Data collection and monitoring
The patient recruitment and treatment is performed by senior hand surgeons or hand surgery residents of the Tampere University Hospital, Tampere, Finland. The collection of narrative and objective data is saved in a password-protected database. Only members of the Data Monitoring Board have access to the database during the study period. All adverse events (AE) will be documented in detail, and will be reported to the Data Monitoring Board. The principal investigator will report the AE within 24 h after it becomes known. The investigators are responsible for making the final decision to terminate the trial. Participants who suffer an AE will be given adequate medical treatment and will be entitled to seek compensation from the Finnish Patient Insurance Centre.
A total of 48 patients (24 patients/group) are needed for the study. This is based on the power calculation: p=0.05, p=0.8, group difference 20% (in the total range of movement at 3 months postoperatively) and relative SD 20%, drop out 25%.
Figure 2 shows the patient timeline.
All analyses will be performed according to the intention to treat principle. Analysis of variance is used for all numeric variables (range on movement, QuickDASH-score, pain score). The χ2 test is used in the comparison of incidences of reoperation. For all tests, we will use two-sided p values with a p<0.05 level of significance.
Postoperative intermittent irrigation of the infected tendon sheath is a standard procedure to treat purulent flexor tenosynovitis.1 There is insufficient evidence that this labour-consuming and unpleasant procedure is beneficial to the patient's recovery. It also delays the beginning of hand therapy, since the catheter on the volar aspect of the hand blocks active and passive flexion exercises. In this era of multiresistant bacterial strains, any unnecessary handling of fluids, wounds and foreign bodies (eg, plastic angiocatheter) in hospital wards is a potential threat of superinfection. The objective of this prospective randomised study is to elucidate the necessity of postoperative irrigation.
Currently, prospective randomised trials are considered the best methodological approach for evaluating the efficacy of a specific intervention. The limitations of this study are: the patients cannot be blinded to the intervention and the statistical power is not adequate to show clinically relevant differences in reoperation rate, since the incidence is most likely low in both study arms. Since the requirement to include the patient in this study is that all four Kanavel signs2 are positive, there is a chance that some patients having purulent tenosynovitis but lacking some of the signs may be excluded. The selection of our tertiary outcome variable, QuickDASH,14 can also be questioned, since the Michigan Hand Outcomes Questionnaire (MHQ) has been postulated to be slightly more sensitive to functional changes concerning hand injuries.16 However, we justify our selection by the fact that the MHQ has not been validated in Finnish, and DASH has been shown to be similarly reproducible and valid for finger and wrist disorders as the MHQ.17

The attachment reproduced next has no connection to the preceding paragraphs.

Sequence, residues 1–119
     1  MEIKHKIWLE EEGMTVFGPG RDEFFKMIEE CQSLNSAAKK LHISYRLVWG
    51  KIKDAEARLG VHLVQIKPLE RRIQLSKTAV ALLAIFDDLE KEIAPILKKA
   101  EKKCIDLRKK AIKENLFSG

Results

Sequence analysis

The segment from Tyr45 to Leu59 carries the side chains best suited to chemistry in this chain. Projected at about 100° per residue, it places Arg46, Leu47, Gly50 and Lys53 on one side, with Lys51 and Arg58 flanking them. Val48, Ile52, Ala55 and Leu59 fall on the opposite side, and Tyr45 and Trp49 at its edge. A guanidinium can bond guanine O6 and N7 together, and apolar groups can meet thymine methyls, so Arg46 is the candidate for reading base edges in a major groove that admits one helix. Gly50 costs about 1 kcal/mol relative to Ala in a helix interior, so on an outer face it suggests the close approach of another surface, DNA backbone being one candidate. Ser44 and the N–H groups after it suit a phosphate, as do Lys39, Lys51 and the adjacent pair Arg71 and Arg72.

Ethics and dissemination
The protocol has been registered to ClinicalTrials.gov registry (#NCT02320929) (table 1). Any protocol modifications will be documented in the ClinicalTrials.gov registry. None of the authors have any conflict of interest to declare. The patient will be asked for consent before entering the study and can discontinue the study at any time without any obligation to report a reason for the decision. Intraoperative catheter irrigation can be considered the gold standard when treating purulent flexor tenosynovitis. Postoperative irrigation is a normal procedure, supposedly benefiting recovery, but it is not imperative, and there is some evidence that it might be redundant.13 The study results will elucidate the role of postoperative irrigation. If postoperative irrigation is found to be redundant, it may simplify the treatment in those units where it has been a standard protocol. The results of the study will be disseminated as a published article in a peer-reviewed journal. The study will be implemented and reported in line with the CONSORT statement.
Contributors OVL conceived of the study. All the authors participated in designing the study. Heidi Huhtala provided statistical expertise in the clinical trial design and carried out the randomisation. All the authors contributed to refinement of the study protocol and approved the final version.
Funding This work is supported by a grant from the Competitive State Research Financing of the Expert Responsibility area of Tampere University Hospital (grant number 9T011).
Competing interests None declared.
Ethics approval The research ethics committee of Pirkanmaa Hospital District has approved the study protocol.
Provenance and peer review Not commissioned; externally peer reviewed.